The colour of the sand will change from black to white when we get to the Tuamotus. Also part of French Polynesia, the Tuamotus make up the world's largest chain of atolls. Atolls are ring shaped coral reefs, islands or islets which are very low in elevation, with a lagoon in the middle. One of the atolls we'll visit in the Tuamotus is Takaroa, which has a particular attraction for sailors. In 1906, an iron hulled four-masted full rigged ship built in Scotland called County of Roxburgh was wrecked there on the beach. Despite the vessel lying on the beach for over 100 years, it still remains intact. At almost 300 feet long, it's big and imposing (and a reminder to mariners of the need for careful navigation amongst these low-lying atolls). From the Tuamotus, we'll sail to the Society Islands starting with Tahiti.

The barque Picton Castle is a traditionally rigged and operated deep water sail training vessel. She typically undertakes long ocean passages, and ha ...

Read more about the Picton Castle     

  • Learn square rig sailing
  • Hands-on practice of seamanship skills
  • Rigging & sail handling
  • Helmsmanship
  • Small boat handling
  • Navigation
  • Personal growth through teamwork & taking personla responsibility
  • Sail to culturally rich ports and islands
  • Simply enjoy being at sea

Deep Blue Pacific Ocean Sailing for 96 days.

Balboa, Panama
Balboa, founded by the United States during the construction of the Panama Canal, was named after Vasco Núñez de Balboa, the first European to explore the eastern shores of the Pacific Ocean. The city is located at the Pacific entrance to the Panama Canal, and thrives on the business from Balboa Harbor, it's commercial port. In 1979 the Canal Zone, previously a U.S. territory, was ceded to Panama under the terms of the Panama Canal Treaties. The Panama Canal's Administration Building, former seat of the Canal Zone Government and Panama Canal Company, is located in Balboa Heights. Sightseeing high points include the Canal Administration Building and the fairly well-preserved architecture of the Canal Zone era, the Goethals Memorial, El Prado Boulevard, and the handicrafts markets.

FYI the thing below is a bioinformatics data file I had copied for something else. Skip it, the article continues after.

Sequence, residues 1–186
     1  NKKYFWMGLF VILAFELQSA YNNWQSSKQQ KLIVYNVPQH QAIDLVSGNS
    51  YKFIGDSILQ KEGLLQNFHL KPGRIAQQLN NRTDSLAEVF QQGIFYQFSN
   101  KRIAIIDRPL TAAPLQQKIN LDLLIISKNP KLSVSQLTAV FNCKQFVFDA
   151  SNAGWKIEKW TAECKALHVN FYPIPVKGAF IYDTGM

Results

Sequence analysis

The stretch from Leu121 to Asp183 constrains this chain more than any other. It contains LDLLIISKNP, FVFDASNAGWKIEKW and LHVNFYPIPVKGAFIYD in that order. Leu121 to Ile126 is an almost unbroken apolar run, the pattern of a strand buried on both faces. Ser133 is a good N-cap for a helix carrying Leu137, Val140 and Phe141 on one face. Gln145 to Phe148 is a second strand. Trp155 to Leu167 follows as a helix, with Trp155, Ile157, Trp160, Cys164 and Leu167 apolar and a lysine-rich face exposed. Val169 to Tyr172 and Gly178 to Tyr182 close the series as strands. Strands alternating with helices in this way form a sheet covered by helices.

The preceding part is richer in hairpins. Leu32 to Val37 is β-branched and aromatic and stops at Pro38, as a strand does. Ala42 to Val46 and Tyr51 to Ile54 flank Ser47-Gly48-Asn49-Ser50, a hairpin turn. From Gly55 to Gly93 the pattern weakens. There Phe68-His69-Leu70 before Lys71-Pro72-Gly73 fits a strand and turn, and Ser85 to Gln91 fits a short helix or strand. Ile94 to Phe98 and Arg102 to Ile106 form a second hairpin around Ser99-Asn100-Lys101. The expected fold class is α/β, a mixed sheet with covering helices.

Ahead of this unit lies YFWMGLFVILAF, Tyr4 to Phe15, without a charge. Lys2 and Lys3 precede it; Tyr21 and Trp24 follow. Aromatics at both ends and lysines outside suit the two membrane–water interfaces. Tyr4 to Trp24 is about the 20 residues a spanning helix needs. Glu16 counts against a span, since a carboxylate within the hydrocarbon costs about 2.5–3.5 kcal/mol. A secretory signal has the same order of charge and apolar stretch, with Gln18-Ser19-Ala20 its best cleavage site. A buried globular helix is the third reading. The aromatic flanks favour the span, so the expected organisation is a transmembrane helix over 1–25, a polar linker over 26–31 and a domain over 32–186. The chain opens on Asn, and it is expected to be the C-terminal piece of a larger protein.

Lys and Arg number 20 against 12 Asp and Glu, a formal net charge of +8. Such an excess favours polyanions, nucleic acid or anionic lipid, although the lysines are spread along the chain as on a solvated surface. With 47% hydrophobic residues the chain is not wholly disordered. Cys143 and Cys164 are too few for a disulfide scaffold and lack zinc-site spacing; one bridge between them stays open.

Galapagos Islands
The Galápagos Islands are an archipelago of volcanic islands distributed around the equator in the Pacific Ocean, 972 km west of continental Ecuador. It is a UNESCO World Heritage site: wildlife is its most notable feature.

The Galápagos Islands form the Galápagos Province of Ecuador and are part of the country's national park system.

The group consists of 13 main islands, 6 smaller islands, and 107 rocks and islets. The islands are located at the Galapagos Triple Junction. It is also atop the Galapagos hotspot, a place where the Earth's crust is being melted from below by a mantle plume, creating volcanoes.